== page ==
Is it possible to tig pot metal?

The tailgate latch on my 94 Mazda/Ranger pickup broke today..so as an experiment, I tried to tig weld the broken parts, not figuring it
would work..but needing to try anyways. I figured it was pot metal as it appeared to weigh a bit more than an equivelent mass of aluminum.
So I set up for aluminum, and started buzzing away..and it melted and slumped about the time I could start to see a tiny bit of liquification. Blooosh. Shrug I did start low, with a 1/16" tungsten, and it went bloosh about 25 amps. The piece was about .250 thick, and about .375 wide, 1" long, placed on a piece of copper for a backing.
If Id had some zinc rod, I could have tig brazed it I suppose, but didnt and none was available in the area.
Any suggestions for the next time this sort of thing comes up? Besides a new latch from the dealer of course <G>
Gunner
"Considering the events of recent years, the world has a long way to go to regain its credibility and reputation with the US." unknown
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Solder it instead. A "Lumiweld" kit should be in every toolbox for this sort of repair. It's easy, it's lower temperature (less collateral damage) and it's as good a repair as pot metal will ever need.
"Pot metal" is relatively old, dating from the late '19th century when zinc metal became cheap (zinc is surprisingly hard to extract and remained expensive for a long time). However this metal was never a success as it only has a lifetime of a few years, before distorting and cracking. The cause of this is intra-granular precipitation of impurities, mainly iron, and there's nothing you can do to stop it. Even vacuum or deep-freezing won't help.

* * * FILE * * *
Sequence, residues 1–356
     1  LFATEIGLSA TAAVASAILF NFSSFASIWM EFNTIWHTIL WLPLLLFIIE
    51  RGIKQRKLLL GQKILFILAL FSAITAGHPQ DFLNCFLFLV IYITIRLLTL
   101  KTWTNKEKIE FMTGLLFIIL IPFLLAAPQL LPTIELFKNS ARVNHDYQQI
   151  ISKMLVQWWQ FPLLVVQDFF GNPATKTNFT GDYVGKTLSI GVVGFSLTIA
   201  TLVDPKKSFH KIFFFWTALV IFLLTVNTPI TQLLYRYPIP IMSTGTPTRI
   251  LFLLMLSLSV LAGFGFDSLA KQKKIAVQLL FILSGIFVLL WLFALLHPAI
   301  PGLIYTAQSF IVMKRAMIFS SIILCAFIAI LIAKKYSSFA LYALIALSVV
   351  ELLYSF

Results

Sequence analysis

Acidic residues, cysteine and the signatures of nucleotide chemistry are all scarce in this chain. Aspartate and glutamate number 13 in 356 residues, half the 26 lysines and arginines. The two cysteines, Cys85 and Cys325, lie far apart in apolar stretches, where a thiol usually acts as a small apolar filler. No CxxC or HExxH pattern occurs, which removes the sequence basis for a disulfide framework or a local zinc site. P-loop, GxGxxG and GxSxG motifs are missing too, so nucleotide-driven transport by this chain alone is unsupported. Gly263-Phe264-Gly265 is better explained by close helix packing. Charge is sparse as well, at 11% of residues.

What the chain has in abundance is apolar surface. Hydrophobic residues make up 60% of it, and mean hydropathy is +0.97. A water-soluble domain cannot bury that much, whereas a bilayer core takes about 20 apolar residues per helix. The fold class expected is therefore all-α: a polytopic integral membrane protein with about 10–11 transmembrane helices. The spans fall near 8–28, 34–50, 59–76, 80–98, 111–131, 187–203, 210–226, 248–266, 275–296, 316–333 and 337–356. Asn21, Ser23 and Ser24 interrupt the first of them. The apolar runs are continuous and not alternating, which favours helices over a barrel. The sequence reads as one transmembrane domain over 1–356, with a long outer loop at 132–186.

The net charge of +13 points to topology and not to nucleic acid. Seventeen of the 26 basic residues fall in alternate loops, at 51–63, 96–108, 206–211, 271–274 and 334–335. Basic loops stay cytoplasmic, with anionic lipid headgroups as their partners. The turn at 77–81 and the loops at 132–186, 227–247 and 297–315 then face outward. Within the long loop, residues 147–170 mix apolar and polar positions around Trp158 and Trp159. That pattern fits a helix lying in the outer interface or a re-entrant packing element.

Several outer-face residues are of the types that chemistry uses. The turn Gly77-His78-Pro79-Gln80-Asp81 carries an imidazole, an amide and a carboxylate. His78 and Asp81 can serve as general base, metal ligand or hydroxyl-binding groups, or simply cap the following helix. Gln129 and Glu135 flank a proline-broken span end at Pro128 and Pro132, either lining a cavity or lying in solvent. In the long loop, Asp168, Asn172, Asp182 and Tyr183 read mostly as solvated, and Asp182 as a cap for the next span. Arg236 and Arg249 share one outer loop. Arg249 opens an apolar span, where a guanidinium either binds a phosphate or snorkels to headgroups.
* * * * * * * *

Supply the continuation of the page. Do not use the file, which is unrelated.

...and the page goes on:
Zinc didn't really take off in die-casting until the development of Zamak alloy, a high-purity zinc (99.99%) with a controlled amount of copper and aluminium, and little else. This only took place in the '30s, owing to US developments of zinc smelting . The UK didn't use this same zinc process, but did license the diecasting alloy as "Mazak", based on a 99.95% pure electrolytically-refined zinc.
Early diecast toys are now extremely rare (and thus valuable), largely because of this warping and cracking problem with potmetal. Once Dinky started using Mazak, they survived far better.
So if you try to weld Zamak, you have a few problems to deal with:
- It's a low melting point alloy, and you're at it with a hot torch. That's always going to be a high-skill and risky task - the solders are just easier.
- Zinc is a pain with any hot process, because it vapourises so easily. You might not melt the whole piece, but you can easily damage the surface.
- If you do fusion weld on zinc, then the weld pool is likely to have poor metallurgy from impurities. Expect cracking problems in a couple of years - this may or may not be a problem for you.
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Gunner wrote:

Babbitt casting ? - Create a form around it and flow in some junk zinc rod metal or Al.
Go to the junk yard... :-)
Martin
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On Wed, 13 Jul 2005 21:24:51 -0500, "lionslair at consolidated dot net" <"lionslair at consolidated dot net"> wrote:

Babbitt is rarely cast (on its own) and doesn't have either zinc or aluminium in it. It's not the same thing as "pot metal".